Capable leadership is one of the most important traits of a successful business owner, manager or executive. However, different circumstances call for different management styles. This article discusses four basic types: Directive, Participative, Laissez-faire and Adaptive.
Directive: This is the perhaps the oldest form and is relatively autocratic. Someone using a directive style tells people what to do and expects them to do it right away. A good example of when the directive style is appropriate would be when directing an employee who is new to the industry or task at hand. They need a lot of direction until they become versed in how and when to do something.
Participative: This style seeks input from others and lets those being led participate in the decision-making process. An appropriate example would be when working with a subordinate on a problem that has arisen, when that subordinate has experience, but perhaps still needs to learn some of the finer nuances. This style would allow that person to help solve the problem based on their knowledge while at the same time allowing you to assess their development and teach them some of the finer points.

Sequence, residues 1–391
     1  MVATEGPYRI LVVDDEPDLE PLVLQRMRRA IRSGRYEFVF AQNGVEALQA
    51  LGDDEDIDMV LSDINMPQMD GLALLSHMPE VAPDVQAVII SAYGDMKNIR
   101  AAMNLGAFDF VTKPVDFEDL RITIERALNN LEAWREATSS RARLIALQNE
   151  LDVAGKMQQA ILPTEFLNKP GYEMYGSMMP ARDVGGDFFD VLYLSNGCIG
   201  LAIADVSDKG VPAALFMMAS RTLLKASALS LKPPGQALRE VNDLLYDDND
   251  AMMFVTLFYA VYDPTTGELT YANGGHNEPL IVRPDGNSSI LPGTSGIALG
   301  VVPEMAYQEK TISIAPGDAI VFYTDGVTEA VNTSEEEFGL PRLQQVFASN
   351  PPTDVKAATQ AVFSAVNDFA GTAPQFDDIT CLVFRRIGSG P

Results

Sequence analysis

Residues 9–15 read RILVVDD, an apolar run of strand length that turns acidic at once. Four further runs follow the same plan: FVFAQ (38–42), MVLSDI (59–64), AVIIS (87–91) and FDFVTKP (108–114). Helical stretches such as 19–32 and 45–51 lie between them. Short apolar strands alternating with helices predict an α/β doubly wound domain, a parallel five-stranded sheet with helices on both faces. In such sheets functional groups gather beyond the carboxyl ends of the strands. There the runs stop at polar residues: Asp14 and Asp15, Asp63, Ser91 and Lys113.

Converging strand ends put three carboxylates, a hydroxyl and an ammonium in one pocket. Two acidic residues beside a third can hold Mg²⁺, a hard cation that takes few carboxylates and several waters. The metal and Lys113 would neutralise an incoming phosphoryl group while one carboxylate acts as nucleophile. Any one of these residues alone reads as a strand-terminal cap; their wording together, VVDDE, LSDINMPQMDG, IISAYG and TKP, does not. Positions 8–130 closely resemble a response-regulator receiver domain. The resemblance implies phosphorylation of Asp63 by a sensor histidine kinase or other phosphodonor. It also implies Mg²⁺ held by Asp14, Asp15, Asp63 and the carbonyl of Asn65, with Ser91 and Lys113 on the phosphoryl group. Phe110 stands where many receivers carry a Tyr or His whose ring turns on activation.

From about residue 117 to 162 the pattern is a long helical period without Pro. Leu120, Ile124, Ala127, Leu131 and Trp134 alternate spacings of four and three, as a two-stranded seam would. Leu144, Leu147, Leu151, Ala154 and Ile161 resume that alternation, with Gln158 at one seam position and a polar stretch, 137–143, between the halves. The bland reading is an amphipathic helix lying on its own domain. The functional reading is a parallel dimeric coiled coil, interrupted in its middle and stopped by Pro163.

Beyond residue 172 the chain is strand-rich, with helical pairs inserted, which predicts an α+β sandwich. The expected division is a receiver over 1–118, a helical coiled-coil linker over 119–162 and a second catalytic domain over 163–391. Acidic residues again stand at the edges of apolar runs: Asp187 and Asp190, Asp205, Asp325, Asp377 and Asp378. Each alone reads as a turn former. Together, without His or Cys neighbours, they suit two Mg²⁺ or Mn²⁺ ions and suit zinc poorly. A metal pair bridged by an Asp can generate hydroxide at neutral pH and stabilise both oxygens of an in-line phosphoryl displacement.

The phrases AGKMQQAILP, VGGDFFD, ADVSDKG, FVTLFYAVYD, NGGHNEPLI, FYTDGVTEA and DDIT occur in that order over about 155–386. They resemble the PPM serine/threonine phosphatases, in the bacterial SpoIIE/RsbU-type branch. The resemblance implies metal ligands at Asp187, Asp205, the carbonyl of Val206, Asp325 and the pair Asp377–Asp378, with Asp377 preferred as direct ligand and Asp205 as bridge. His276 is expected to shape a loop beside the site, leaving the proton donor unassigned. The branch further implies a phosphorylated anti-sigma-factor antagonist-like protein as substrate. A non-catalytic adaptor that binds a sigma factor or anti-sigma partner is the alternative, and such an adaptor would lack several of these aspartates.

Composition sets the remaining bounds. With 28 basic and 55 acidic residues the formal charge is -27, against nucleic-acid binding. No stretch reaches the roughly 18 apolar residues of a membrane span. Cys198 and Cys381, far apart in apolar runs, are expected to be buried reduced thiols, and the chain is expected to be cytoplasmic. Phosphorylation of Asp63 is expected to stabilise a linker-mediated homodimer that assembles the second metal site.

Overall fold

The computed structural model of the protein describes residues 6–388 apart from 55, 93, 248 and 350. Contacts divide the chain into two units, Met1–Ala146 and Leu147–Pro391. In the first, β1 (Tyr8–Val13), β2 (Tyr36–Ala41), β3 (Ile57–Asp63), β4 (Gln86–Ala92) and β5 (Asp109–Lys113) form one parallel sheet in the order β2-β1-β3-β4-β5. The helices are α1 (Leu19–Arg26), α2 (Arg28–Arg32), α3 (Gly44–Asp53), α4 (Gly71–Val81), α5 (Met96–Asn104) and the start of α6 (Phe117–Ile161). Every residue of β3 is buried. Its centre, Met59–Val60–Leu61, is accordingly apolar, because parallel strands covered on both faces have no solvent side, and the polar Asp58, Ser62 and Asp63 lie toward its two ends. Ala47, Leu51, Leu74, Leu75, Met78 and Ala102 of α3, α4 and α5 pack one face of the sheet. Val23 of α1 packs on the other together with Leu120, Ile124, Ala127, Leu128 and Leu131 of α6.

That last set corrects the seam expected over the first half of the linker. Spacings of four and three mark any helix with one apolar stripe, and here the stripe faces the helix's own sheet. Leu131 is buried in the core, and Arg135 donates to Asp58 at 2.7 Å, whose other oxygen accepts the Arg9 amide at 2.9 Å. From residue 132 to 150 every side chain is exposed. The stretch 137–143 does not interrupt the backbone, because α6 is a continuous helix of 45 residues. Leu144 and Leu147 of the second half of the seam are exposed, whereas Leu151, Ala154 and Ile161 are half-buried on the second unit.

Laissez-faire: This is basically a hands-off approach. It allows the employee to take initiative and have latitude in developing a process to reach the desired outcome. An example might be when an excellent sales opportunity presents itself and you let your most seasoned salesperson who closes a high percentage of business take the reigns. In this case, given the existence of this level employee, you wouldn’t want to stymie their proven ability to perform.
Adaptive: A fluid style that takes into consideration the context of the environment and the individual being led. For example, suppose there is a new project being worked on by a team. The adaptive style of leadership might treat each member of the team differently based on their seniority within the team and level of experience.
A successful leader knows how to manage these four styles based on the circumstances at hand. Clearly, the right style at the right time with the right people can make a tremendous difference not only in how well you communicate, but how effective you are as well.
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